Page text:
sexta-feira, janeiro 06, 2006

23) Enciclopédia de Tarifas e Comércio nos EUA (Book review)

Cynthia Clark Northrup and Elaine C. Prange Turney (editors):
Encyclopedia of Tariffs and Trade in U.S. History
(Westport, CT: Greenwood Press, 2003. lvi + 1631 pp. (five volumes), $345
(hardcover), ISBN: 0-313-32789-0)

Reviewed for EH.NET by Stephen Meardon, Department of Economics,
Williams College.

Each of the three volumes of this encyclopedia, edited by Cynthia
Clark Northrup of the University of Texas at Arlington and Elaine C.
Prange Turney of the University of Dallas, responds to a genuine need
of researchers and students of the history of U.S. trade policy. The
first volume is the encyclopedia proper: a compendium of over four
hundred alphabetically-ordered entries ranging roughly from 200 to
1000 words, with a median of perhaps 300 words, and preceded by an
eight-page introduction and a guide to selected topics. The several
topics include commodities (under which heading twenty-one entries
are classified, e.g. coal, rum, and tobacco), economic philosophy
(one entry on "Economic Darwinism"), economists (seventeen entries
including Bastiat, Hume, and Raúl Prebisch), events (sixteen entries,
e.g. industrial revolution and nullification), organizations
(twenty-nine entries from the American Free Trade League to the
Sierra Club), political parties and groups (ten entries including
Democrats, Republicans, and Know-Nothings), politicians (212 entries
from Alexander Hamilton to Al Gore), and tariffs (thirty-four entries
including the Tariffs of 1789, 1790, 1792, and so on to Hawley-Smoot).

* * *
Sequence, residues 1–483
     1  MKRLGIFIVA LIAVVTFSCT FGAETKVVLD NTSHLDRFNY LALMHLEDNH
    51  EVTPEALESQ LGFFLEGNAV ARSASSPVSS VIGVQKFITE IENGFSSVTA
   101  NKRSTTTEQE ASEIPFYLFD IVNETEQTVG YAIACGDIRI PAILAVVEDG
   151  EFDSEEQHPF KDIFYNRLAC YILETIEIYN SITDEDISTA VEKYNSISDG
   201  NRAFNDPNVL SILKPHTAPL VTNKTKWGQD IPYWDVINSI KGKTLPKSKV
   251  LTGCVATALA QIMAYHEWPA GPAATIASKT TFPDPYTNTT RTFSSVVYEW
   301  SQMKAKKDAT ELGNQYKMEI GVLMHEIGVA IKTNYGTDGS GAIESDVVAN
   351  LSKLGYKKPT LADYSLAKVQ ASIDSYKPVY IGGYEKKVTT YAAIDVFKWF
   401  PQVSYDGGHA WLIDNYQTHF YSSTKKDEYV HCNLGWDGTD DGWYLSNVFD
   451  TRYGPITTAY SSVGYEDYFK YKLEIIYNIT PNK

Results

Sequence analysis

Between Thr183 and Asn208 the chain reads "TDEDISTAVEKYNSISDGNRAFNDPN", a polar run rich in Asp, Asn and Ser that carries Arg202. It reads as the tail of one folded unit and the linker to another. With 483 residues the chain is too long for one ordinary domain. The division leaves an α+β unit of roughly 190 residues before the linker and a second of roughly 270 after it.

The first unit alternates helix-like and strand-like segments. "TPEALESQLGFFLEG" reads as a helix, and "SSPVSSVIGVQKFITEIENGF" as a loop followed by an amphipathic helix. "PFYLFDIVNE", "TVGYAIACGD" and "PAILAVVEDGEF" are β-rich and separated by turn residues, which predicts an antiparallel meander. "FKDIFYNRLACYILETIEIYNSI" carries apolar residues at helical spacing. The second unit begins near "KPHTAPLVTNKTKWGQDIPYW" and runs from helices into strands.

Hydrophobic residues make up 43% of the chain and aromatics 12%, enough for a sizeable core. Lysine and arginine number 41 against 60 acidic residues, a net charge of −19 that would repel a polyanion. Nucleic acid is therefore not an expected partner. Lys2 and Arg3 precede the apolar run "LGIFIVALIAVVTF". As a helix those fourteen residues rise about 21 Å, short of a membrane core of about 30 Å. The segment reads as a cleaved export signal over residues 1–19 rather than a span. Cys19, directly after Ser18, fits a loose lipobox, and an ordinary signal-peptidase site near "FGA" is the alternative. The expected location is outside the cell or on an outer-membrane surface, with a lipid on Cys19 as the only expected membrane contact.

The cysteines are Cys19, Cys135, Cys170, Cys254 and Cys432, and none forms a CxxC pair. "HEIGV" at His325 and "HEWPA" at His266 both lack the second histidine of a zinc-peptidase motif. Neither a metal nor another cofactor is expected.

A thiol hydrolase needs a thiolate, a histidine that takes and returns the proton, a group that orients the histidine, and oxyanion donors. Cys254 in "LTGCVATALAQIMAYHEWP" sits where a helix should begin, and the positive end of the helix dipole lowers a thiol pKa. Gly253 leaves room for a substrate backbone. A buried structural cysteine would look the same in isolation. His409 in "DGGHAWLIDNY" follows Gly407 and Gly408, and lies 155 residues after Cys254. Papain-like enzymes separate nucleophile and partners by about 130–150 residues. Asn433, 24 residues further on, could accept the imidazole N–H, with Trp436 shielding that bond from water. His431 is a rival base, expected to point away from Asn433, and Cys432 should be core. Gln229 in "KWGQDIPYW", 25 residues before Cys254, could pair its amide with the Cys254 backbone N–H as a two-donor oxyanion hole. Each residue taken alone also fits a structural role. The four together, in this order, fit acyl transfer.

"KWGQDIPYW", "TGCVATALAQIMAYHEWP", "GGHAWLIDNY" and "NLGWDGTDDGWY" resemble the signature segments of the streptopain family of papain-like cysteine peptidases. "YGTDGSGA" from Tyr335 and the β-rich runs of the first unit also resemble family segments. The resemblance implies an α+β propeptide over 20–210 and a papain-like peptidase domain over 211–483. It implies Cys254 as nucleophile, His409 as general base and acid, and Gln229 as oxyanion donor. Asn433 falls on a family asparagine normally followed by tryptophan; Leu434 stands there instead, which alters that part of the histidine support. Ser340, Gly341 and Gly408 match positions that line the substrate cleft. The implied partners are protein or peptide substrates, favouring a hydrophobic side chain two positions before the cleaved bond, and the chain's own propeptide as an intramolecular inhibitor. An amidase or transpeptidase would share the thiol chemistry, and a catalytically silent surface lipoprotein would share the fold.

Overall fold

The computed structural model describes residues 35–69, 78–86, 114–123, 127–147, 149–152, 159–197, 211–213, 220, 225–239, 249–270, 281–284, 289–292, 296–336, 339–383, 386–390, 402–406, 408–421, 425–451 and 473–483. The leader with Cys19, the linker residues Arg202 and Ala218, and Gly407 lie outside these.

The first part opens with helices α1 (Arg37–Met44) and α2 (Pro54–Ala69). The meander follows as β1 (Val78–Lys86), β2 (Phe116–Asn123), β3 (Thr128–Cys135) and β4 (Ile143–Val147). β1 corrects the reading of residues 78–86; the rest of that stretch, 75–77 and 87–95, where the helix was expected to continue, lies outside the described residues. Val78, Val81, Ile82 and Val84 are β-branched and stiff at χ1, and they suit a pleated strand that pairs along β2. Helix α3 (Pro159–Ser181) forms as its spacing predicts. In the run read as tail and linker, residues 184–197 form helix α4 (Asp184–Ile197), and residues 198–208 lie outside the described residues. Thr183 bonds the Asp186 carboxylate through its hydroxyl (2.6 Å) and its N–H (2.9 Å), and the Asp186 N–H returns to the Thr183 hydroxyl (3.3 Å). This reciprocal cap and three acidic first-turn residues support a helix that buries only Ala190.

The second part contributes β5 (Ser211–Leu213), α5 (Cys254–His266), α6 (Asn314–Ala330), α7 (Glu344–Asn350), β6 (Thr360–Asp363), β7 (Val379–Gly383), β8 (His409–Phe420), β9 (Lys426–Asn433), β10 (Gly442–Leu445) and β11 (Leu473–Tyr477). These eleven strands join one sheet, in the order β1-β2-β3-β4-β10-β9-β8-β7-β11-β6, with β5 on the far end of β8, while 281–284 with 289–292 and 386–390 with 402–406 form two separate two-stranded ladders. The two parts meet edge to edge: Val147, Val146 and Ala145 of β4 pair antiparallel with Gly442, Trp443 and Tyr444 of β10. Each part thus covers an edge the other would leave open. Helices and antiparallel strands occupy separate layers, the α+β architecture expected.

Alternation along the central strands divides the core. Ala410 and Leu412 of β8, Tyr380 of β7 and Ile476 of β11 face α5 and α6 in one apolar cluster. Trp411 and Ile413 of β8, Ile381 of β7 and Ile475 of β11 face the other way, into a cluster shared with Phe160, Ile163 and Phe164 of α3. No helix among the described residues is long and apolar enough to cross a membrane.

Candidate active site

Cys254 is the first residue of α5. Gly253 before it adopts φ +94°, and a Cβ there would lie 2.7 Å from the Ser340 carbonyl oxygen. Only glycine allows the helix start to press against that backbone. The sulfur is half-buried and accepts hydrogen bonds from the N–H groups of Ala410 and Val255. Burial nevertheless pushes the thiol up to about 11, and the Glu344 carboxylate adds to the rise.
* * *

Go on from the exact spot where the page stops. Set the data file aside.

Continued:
The second volume is a selection of momentous texts, reports,
manifestos and speeches: an anthology of primary documents
representing the ideas and politics that have animated U.S. trade
controversies. The third volume reproduces in their entireties the
thirty-one comprehensive tariff laws negotiated by Congress from 1789
to 1930, after which time revisions of the tariff were made by the
executive branch.

These last two volumes are easier to evaluate, and ultimately to
recommend, than the first. The content, strengths, and weaknesses of
Vol. II, _Debating the Issues: Selected Primary Documents_, are most
visible in contrast with F. W. Taussig's old but still valuable
_Selected Readings in International Trade and Tariff Problems_
(1921). Both include excerpts from Book IV of Smith's _Wealth of
Nations_ on the fallacies of the mercantile system and the benefits
of trade; from Hamilton's _Report on Manufactures_, an abiding source
of inspiration to advocates of protection; and from Grover
Cleveland's 1887 State of the Union address, in which he staked his
re-election the following year on tariff reform -- and lost. But each
includes many more readings unduplicated by the other.

Taussig's purpose was to piece together a book that could stand on
its own as a college text on international trade and tariff problems
in America and Europe, so he included alongside the foregoing
documents samples from (among others) Ricardo, J. S. Mill, J. E.
Cairnes, and Taussig himself on international trade theory; Bastiat,
Richard Schüller, Lujo Brentano, and Alfred Marshall on free trade
versus protection; and Daniel Webster, Henry Clay, and William
McKinley on the protective controversy in the United States. Northrup
and Turney intend their Volume II to be, unlike Taussig's _Selected
Readings_, a library reference book, not a course textbook, and their
inquiry is best described as historical, not economic. Their
geographic area of concern, too, is limited to the United States. So
notwithstanding their inclusion of Smith they pass over the theorists
and redouble their attention to American politicians. To Taussig's
Webster, Clay and McKinley they add speeches by Andrew Jackson, John
Sherman, Benjamin Harrison, William Howard Taft, Theodore Roosevelt,
Woodrow Wilson, and so on, up to the transcript of the 1993 debate
between Al Gore and Ross Perot over the NAFTA.

Intellectual historians may be disappointed to see the crafters of
legislation privileged to the exclusion of the crafters of their